As far as the coagulation question goes, let me explain the scene. There was a MASSIVE amount of blood that, via gravity, pooled to the center of the bed. The HOB was elevated 45, and the end of the bed was slightly elevated. The massive pool of blood had a gelatin consistency (vs. being a hard, crusty consistency). While I was in nursing school, I worked with the coroner in homicides, suicides, automobile accidents, etc. Anytime the there was massive blood loss that formed a pool, the coroner (an M.D.) referred to it as coagulated, which made sense to me (due to its gelatin consistency) However, I may have used the word (coagulated) out of context.

    One more thing, and this are huge. Vital signs are to be taken on that floor every four hours. The CNAs in that hospital are not very efficient, and many are lazy. (That is not an attack on CNAs in general.. I’ve worked with some of the best that have greatly eased my life in the critical care units). The CNA falsified vitals. The nurse was supposedly busy that night with confused patients, dressings, bed baths, etc. She did have 15 patients that night. The CNA admitted to falsifying vitals (so I was told) once the time of death was actually determined.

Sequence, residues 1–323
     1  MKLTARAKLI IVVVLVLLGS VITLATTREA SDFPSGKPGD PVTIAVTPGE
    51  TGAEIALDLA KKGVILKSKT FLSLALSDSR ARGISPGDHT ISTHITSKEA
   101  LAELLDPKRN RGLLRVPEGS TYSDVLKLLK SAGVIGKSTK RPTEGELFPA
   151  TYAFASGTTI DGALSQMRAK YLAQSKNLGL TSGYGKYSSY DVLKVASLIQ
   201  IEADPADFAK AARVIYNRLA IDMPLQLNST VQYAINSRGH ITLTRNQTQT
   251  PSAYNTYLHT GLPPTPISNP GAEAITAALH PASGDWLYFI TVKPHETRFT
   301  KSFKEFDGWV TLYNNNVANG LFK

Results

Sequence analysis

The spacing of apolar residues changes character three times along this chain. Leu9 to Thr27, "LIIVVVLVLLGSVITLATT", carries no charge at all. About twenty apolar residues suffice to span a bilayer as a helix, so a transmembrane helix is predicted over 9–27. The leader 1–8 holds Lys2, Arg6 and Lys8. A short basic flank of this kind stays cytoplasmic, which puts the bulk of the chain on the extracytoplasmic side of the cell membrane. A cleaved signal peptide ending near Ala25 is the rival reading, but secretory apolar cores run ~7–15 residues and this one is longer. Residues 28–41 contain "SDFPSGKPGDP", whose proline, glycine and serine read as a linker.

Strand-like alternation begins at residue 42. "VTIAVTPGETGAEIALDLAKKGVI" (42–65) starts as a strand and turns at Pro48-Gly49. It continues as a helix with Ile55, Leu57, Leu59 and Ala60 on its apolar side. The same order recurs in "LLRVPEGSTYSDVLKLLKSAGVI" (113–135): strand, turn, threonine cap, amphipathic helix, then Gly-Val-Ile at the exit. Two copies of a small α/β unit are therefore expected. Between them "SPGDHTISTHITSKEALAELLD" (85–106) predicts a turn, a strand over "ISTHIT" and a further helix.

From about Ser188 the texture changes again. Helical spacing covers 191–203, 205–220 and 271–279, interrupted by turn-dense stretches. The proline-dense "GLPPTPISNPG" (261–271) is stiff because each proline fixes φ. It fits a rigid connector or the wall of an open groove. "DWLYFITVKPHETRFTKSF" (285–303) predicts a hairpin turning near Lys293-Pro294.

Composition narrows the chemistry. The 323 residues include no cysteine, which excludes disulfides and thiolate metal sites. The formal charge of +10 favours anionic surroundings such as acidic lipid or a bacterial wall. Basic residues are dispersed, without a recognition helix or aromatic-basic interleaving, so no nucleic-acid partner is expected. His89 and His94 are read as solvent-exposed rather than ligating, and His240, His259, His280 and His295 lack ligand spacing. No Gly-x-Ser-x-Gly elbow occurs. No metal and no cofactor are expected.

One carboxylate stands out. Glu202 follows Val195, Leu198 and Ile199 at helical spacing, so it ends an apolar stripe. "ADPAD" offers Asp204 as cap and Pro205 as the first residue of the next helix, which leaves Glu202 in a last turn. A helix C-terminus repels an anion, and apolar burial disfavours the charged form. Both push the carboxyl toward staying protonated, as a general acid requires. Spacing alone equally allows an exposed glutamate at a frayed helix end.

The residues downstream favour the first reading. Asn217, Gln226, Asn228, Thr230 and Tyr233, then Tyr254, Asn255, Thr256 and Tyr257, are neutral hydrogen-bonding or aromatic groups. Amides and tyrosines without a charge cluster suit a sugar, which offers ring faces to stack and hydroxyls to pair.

As a result, (or soon after), head honchos said that vital signs on the floors would be done every four hours by the nurses. Furthermore, they now wear these damn tags that monitor where they are at all times, and how many times they enter a particular patient’s room that shift, and how long much time they spent each time. YES! NOW THAT’S A SOLUTION!!!! I wonder how many hundreds of thousands of dollars the hospital spent on their new toy….it took effect over the entire hospital (except ICUs).

    I left the hospital soon after that incident to go traveling. It wasn’t worth the $11.88/hr they were paying me.

    I hope that answers your question, but feel free to tell me if anything needs clarification.